Gallup: Immigration and Congress most pressing problems

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     Last month, young detainees sleep in a holding cell at a U.S. Customs and Border Protection processing facility in Brownsville, Texas. Immigration courts backlogged by years of staffing shortages and tougher enforcement face an even more daunting challenge since tens of thousands of Central Americans began arriving on the U.S. border fleeing violence back home. (AP file photo/Eric Gay, pool)

    Last month, young detainees sleep in a holding cell at a U.S. Customs and Border Protection processing facility in Brownsville, Texas. Immigration courts backlogged by years of staffing shortages and tougher enforcement face an even more daunting challenge since tens of thousands of Central Americans began arriving on the U.S. border fleeing violence back home. (AP file photo/Eric Gay, pool)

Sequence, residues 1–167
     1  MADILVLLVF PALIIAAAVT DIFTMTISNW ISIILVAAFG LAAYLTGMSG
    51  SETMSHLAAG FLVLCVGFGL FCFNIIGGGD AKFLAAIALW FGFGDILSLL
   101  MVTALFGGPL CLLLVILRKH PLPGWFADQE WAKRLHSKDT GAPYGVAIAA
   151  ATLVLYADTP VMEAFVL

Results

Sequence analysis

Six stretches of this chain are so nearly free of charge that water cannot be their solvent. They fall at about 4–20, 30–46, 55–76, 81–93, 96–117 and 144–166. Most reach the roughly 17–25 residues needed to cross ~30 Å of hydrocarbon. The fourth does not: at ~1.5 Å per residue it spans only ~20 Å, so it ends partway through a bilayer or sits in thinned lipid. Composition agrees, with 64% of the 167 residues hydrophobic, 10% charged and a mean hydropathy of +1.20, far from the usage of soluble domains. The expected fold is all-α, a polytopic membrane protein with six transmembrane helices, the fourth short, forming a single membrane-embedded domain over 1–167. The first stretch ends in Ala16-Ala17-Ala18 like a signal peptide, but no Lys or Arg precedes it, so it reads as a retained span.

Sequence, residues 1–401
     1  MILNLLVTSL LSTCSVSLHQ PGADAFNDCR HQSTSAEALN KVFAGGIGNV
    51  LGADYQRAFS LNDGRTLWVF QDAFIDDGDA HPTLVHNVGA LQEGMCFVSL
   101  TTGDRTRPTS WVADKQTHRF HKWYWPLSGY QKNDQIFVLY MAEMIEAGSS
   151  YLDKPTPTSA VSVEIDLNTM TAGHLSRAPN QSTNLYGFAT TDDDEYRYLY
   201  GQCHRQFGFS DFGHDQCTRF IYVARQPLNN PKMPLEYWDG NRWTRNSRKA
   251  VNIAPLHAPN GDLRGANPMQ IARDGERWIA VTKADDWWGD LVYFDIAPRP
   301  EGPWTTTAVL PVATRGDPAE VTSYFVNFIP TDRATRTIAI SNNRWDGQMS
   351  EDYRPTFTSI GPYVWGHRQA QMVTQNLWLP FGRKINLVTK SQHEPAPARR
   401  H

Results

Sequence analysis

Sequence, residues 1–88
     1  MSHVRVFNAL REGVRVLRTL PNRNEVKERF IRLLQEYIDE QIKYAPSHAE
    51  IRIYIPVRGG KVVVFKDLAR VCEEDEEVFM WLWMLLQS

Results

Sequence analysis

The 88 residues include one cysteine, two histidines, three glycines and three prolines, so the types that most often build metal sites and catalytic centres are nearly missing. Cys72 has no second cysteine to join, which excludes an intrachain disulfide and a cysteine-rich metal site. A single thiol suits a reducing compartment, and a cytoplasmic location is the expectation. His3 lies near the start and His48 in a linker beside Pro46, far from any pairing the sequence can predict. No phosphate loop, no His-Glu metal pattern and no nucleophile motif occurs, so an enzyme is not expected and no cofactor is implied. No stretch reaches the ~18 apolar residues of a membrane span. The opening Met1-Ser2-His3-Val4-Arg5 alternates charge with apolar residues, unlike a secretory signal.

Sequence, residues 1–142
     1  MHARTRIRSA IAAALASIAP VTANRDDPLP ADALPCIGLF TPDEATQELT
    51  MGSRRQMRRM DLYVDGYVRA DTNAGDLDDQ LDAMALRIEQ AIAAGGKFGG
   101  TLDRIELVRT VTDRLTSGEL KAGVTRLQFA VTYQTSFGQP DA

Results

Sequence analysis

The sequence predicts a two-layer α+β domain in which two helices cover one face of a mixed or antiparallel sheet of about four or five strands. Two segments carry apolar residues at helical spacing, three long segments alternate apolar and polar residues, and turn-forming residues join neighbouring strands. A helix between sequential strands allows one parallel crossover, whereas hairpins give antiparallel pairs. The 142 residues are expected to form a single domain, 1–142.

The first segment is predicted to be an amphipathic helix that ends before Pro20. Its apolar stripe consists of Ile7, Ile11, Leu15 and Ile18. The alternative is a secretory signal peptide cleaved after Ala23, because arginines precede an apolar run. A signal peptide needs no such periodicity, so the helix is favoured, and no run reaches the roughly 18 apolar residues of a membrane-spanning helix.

Frank Newport, editor in chief of the Gallup Poll, joins NewsWorks Tonight host Dave Heller to break down American’s opinions on immigration, quality job prospects, spending habits, and a fading confidence in Congress.

    This week, Newport discusses:

    A big change this month in the public’s assessment of the most important problem facing the country. Immigration zooms to the top concern, followed closely behind by dysfunctional government.

    Congressional job approval remains mired in the basement — at 15 percent this month. What should be done to fix Congress?

    What about the idea of electing more women to political office? Gallup has asked Americans about that idea several times, and has just updated it. The answer: Yes! More women equals better government.

    Is now a good time to find a quality job?

    What are Americans spending more on and what are they spending less on these days?

    The Conference Board index of leading indicators increased in June for a fifth consecutive month, supporting the view that stronger consumer demand, driven by sustained job gains, should help boost the economy in the second half of this year.

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